Tom: We realized how special the space was. It’s a very calming space, a very lovely space. It has a really good feeling and… everything in here is original features — the doors, the windows — and everything’s a bit crooked. So we always wanted to share it. Even before we were doing the business side of things, we had friends here and it’s been a very social space, mainly because of its location.
Is that where the name Lisboa Social Press comes from?
Jilly: The social aspect? No. We wanted it to be an umbrella term, so lots of things could happen under one [name]. We also have film nights and stuff. Like for me, food is very creative, so introducing that into the space makes sense. And creating that community atmosphere and international environment is really important as well.
We did ask every single person for help with a name.
Tom: God, we had lists.
Jilly: That was the worst part of this whole thing. [laughter] We were running the workshops before we had the name.
So tell me about the print workshops at Lisboa Social Press.
Tom: Both of us ran print workshops in London and at our universities. And I think… when someone creates a print, if they’re doing it for the first time especially, it’s really wonderful. It’s a wonderful process.
Jilly: There’s a surprise to it.
Tom: Yer. This “big reveal”. You’re chiseling it out, you’re drawing it, you’re inking it up so it comes to life, and then you’re putting it through the press, which has an element of theater to it, and then it’s revealed.
Jilly: I personally like working with beginners. They sometimes come in and they’re so adamant that they’re “really bad at drawing” and “just really bad at everything,” and I’m like, “Don’t worry about it, you’re going to be fine.” And then they start the process [and] always feel like they have to be so perfect. Then, after a while, people relax, it becomes something quite individual. And when they join together as a group at the press… people are really supportive of each other’s work.
We always start with a completely white studio and then everyone gets to put their own work up, and so they kind of decorate the space themselves as the workshop progresses. It goes from something that’s quite private to something that’s quite public.
Can I have a rundown of the individual events that happen at Lisboa Social Press?
Tom: We’re building on them. I’ve done a few [film screenings] in the past, in London. And that sort of came about through an interest I had in immersive theater and performance art. The Jan Svankmajer screening was our first [here], but it won’t be our last.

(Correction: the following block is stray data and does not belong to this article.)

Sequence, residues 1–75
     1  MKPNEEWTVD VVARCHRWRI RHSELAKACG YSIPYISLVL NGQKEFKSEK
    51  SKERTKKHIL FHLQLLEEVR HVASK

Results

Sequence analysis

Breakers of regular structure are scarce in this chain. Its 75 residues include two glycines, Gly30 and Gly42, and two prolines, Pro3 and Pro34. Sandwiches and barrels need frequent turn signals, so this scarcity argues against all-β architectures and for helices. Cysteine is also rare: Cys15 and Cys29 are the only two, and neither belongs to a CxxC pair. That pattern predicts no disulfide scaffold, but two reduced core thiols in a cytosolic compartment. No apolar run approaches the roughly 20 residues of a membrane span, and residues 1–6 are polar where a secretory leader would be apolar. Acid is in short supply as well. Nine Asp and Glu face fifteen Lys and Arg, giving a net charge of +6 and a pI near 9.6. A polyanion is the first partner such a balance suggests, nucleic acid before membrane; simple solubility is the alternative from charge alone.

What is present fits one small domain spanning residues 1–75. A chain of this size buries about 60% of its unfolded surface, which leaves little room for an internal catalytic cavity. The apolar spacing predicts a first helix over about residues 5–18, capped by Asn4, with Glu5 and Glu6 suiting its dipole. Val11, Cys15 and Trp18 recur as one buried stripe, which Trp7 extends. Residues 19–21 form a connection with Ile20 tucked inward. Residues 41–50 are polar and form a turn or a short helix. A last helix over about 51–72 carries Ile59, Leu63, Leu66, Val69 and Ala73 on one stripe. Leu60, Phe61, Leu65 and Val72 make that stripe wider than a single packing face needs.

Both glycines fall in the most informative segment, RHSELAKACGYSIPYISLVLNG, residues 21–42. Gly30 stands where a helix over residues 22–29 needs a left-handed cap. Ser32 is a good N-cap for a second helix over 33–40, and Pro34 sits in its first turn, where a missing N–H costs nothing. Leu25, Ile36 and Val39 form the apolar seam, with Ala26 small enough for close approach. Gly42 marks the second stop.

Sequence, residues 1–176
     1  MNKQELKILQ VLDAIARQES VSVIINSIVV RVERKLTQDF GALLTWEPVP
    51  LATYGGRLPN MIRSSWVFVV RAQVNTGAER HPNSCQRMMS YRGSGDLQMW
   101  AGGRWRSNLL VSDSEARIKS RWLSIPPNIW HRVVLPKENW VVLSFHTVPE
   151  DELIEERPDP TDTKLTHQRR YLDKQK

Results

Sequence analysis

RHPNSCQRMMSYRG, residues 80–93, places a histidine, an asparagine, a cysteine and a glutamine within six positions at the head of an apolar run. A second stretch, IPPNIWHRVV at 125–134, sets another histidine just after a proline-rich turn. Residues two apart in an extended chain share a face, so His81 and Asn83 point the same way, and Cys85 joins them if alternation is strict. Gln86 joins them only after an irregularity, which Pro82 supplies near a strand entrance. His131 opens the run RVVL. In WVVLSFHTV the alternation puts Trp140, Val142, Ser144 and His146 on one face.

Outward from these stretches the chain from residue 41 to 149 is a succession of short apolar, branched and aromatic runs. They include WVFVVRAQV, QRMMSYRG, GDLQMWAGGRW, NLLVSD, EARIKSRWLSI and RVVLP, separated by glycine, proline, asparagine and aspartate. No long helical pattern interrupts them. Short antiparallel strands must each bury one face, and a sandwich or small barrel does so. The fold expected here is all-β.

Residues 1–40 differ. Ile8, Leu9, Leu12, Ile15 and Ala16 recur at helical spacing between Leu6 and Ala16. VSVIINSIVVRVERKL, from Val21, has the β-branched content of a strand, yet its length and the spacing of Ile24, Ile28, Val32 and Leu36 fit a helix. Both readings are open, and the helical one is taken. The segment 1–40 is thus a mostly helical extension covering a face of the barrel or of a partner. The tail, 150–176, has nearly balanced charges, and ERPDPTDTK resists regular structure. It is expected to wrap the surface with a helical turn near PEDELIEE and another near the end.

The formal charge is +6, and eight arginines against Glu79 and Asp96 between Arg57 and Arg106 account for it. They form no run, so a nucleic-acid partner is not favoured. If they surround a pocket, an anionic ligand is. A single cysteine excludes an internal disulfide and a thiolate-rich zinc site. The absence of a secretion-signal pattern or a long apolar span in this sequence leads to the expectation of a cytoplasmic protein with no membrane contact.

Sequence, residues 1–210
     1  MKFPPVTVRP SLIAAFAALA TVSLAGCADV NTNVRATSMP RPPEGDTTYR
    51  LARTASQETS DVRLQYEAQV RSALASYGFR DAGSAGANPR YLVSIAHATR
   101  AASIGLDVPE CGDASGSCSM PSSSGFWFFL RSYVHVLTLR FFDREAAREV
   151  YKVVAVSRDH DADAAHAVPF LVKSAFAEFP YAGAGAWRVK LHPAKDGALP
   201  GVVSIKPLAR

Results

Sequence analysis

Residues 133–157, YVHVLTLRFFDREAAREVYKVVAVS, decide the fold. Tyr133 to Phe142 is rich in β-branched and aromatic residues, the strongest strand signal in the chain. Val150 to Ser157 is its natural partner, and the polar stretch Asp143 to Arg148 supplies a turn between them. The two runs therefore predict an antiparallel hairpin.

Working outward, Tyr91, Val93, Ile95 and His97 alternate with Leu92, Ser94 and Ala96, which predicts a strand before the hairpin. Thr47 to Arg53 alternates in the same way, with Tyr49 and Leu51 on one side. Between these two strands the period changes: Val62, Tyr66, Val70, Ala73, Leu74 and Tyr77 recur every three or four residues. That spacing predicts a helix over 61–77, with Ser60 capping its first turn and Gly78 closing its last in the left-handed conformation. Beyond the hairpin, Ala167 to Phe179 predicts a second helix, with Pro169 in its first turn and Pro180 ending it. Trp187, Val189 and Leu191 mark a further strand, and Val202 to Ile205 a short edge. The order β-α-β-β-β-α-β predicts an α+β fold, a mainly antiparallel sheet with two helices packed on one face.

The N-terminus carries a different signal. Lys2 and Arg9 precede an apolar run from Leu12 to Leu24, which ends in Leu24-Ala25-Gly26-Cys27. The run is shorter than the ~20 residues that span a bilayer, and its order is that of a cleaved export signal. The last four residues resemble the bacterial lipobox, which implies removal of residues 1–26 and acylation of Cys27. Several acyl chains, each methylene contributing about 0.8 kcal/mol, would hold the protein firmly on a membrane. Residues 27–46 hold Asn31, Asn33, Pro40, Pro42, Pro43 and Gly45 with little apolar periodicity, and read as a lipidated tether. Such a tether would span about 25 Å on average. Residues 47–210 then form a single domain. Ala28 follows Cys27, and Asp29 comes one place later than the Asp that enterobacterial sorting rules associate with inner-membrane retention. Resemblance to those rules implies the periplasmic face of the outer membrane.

Jilly: And we’ve got the monoprinting. Every Thursday, we run a monoprinting event in the evening. Instead of “drink and draw,” people “print and drink.” It’s… like Tracey Emin style, with different subjects and colors each week. Everyone gets a glass of wine, and it’s kind of an informal evening event.
We also do repeat print pattern tiles and print-your-own-postcard workshops. Some of those are predominantly focussed on people that are visiting… and they can create cards, postcards, or a series of artworks that they can send home — the workshops include stamps so you can send your postcard home after it’s finished.
Tom: And it’s also pattern-based, to some extent, based on the tiles. People can use that template to see how the tiles everywhere are made — the azulejos.
And do the azulejos inspire your personal work as well?
Tom: In terms of pattern making, it does. If I’m looking at wallpaper design or panel design or something. I wouldn’t say the tiles specifically do, but the techniques do. They are often half-drop patterns or they’re constructed in such a way that they can be printed and turned to create a central motif and then one that branches off.
Jilly: I think my influence is less linear.
So, if not the tiles, is there something else about Lisbon that influences you?
Tom: I don’t think there is anything specific that does influence me. All I know is that I have a freedom of movement and space and light in which to be creative and make what I want, which I didn’t have living in London. I think it’s more of a state of mind than a direct, literal influence.
Is there anything else?
Tom Maryniak has a solo exhibition opening on May 10, 2019, at FICA in LX Factory. Go check out some of his work!